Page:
Saturday, March 13, 2010
It cost $36 million and a year to produce, so the logical question is what will result from Examiner Anton Valukas' Report (2,200 pages) on the causes of the Lehman Brothers collapse and whether there are colorable claims against individuals and entities relating to the collapse. Jenner & Block posted the complete report on its webite, and I am working my way through parts of it. The bankruptcy judge was right -- it is a fascinating read, better than most journalists' books on business scandals.
Here are some highlights from the introduction and executive summary. I have omitted footnotes, but otherwise the text is verbatim.
From the Introduction:
There are many reasons Lehman failed, and the responsibility is shared. Lehman was more the consequence than the cause of a deteriorating economic climate. Lehman’s financial plight, and the consequences to Lehman’s creditors and shareholders, was exacerbated by Lehman executives, whose conduct ranged from serious but non‐culpable errors of business judgment to actionable balance sheet
manipulation; by the investment bank business model, which rewarded excessive risk taking and leverage; and by Government agencies, who by their own admission might better have anticipated or mitigated the outcome.
On the importance of the repo transactions ("Repo 105"):
Lehman did not disclose, however, that it had been using an accounting device (known within Lehman as “Repo 105”) to manage its balance sheet – by temporarily removing approximately $50 billion of assets from the balance sheet at the end of the first and second quarters of 2008. In an ordinary repo, Lehman raised cash by selling assets with a simultaneous obligation to repurchase them the next day or several days later; such transactions were accounted for as financings, and the assets remained on Lehman’s balance sheet. In a Repo 105 transaction, Lehman did exactly the same thing, but because the assets were 105% or more of the cash received, accounting rules permitted the transactions to be treated as sales rather than financings, so that the assets could be removed from the balance sheet. With Repo 105 transactions, Lehman’s reported net leverage was 12.1 at the end of the second quarter of 2008; but if Lehman had used ordinary repos, net leverage would have to have been reported at 13.9.
On the nondisclosure of Repo 105:
Lehman did not disclose its use – or the significant magnitude of its use – of Repo 105 to the Government, to the rating agencies, to its investors, or to its own Board of Directors. Lehman’s auditors, Ernst & Young, were aware of but did not question Lehman’s use and nondisclosure of the Repo 105 accounting transactions.
From the executive summary on why Lehman failed:
Lehman failed because it was unable to retain the confidence of its lenders and counterparties and because it did not have sufficient liquidity to meet its current obligations. ...
As to whether there are colorable claims. First, the Examiner makes clear that by "colorable claim" he means more than simply an allegation that could survive a motion to dismiss. Instead, because of his extensive investigation, he means by "colorable claim" a higher standard -- sufficient credible evidence exists to support a finding of a trier of fact.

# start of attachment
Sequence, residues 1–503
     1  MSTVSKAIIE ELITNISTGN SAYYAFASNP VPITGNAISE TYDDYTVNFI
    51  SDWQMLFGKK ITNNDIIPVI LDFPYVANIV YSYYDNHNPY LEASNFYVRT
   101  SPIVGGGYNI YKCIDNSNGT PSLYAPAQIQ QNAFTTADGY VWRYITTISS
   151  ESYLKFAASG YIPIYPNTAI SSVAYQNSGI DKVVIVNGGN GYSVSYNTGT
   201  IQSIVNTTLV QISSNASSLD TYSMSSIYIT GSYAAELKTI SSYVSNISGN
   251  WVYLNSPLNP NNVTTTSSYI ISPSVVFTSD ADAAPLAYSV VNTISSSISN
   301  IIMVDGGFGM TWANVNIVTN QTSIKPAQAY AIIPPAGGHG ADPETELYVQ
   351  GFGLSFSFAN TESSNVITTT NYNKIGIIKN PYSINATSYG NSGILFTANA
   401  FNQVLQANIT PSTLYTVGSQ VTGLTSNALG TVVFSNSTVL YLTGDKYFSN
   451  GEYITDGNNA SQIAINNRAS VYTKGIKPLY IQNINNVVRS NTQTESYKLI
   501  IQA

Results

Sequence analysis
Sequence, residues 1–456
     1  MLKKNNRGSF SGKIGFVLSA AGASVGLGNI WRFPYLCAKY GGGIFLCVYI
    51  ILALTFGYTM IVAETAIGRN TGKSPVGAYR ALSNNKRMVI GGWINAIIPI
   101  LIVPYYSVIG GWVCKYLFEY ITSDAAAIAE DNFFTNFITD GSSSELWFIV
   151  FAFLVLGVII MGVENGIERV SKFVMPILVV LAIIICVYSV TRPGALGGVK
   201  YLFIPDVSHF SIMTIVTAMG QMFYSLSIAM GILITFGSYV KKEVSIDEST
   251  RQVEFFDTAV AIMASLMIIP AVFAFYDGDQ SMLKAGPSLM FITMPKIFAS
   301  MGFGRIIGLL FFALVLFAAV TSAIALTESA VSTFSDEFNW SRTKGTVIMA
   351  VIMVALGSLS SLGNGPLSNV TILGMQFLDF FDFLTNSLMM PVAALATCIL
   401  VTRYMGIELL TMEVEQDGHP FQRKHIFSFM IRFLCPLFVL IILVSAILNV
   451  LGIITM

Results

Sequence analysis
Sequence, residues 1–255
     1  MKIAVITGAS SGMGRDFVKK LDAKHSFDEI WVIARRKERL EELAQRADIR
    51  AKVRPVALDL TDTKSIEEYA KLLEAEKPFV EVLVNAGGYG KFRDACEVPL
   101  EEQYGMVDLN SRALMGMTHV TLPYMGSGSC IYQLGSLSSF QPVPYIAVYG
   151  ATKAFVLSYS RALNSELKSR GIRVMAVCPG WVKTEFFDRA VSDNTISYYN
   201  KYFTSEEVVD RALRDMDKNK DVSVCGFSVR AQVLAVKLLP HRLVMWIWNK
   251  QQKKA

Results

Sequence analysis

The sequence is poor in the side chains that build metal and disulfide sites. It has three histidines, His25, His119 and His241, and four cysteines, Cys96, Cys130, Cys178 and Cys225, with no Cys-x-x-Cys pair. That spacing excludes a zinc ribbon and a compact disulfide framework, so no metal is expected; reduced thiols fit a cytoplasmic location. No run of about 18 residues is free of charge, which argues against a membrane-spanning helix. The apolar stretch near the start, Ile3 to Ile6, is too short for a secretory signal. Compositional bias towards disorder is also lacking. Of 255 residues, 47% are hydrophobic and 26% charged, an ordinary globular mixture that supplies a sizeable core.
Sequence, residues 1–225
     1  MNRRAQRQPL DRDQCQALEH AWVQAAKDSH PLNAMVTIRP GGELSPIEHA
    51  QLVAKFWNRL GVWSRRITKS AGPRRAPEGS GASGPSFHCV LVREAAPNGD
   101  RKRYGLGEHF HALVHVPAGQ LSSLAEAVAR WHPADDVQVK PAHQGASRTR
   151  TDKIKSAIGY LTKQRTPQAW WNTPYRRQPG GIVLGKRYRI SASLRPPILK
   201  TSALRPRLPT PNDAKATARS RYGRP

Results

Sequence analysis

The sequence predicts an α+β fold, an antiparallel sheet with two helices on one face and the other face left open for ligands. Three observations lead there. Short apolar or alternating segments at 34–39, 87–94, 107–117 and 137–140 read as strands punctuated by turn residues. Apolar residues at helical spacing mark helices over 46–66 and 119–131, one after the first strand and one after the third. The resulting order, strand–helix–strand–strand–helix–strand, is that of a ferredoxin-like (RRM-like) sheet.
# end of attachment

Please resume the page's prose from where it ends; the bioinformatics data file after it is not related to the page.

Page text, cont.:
From the executive summary:
The business decisions that brought Lehman to its crisis of confidence may have been in error but were largely within the business judgment rule. But the decision not to disclose the effects of those judgments does give rise to colorable claims against the senior officers who oversaw and certified misleading financial statements – Lehman’s CEO Richard S. Fuld, Jr., and its CFOs Christopher O’Meara, Erin M. Callan and Ian T. Lowitt. There are colorable claims against Lehman’s external auditor Ernst & Young for, among other things, its failure to question and challenge improper or inadequate disclosures in those financial statements.
Although Repo 105 transactions may not have been inherently improper, there is a colorable claim that their sole function as employed by Lehman was balance sheet manipulation. Lehman’s own accounting personnel described Repo 105 transactions as an “accounting gimmick” and a “lazy way of managing the balance sheet as opposed to legitimately meeting balance sheet targets at quarter end.” Lehman used Repo 105 “to reduce balance sheet at the quarter‐end.”
Colorable claims exist against the senior officers who were responsible for balance sheet management and financial disclosure, who signed and certified Lehman’s financial statements and who failed to disclose Lehman’s use and extent of Repo 105 transactions to manage its balance sheet.
And what about the independent auditors, Ernst & Young? Again from the executive summary:
In May 2008, a Lehman Senior Vice President, Matthew Lee, wrote a letter to management alleging accounting improprieties; in the course of investigating the allegations, Ernst & Young was advised by Lee on June 12, 2008 that Lehman used $50 billion of Repo 105 transactions to temporarily move assets off balance sheet and quarter end. The next day ‐ on June 13, 2008 ‐ Ernst & Young met with the Lehman Board Audit Committee but did not advise it about Lee’s assertions, despite an express direction from the Committee to advise on all allegations raised by Lee. Ernst &
Young took virtually no action to investigate the Repo 105 allegations. Ernst & Young took no steps to question or challenge the non‐disclosure by Lehman of its use of $50 billion of temporary, off‐balance sheet transactions. Colorable claims exist that Ernst & Young did not meet professional standards, both in investigating Lee’s allegations and in connection with its audit and review of Lehman’s financial statements.
The Examiner has done his job. Will the regulators and prosecutors do theirs?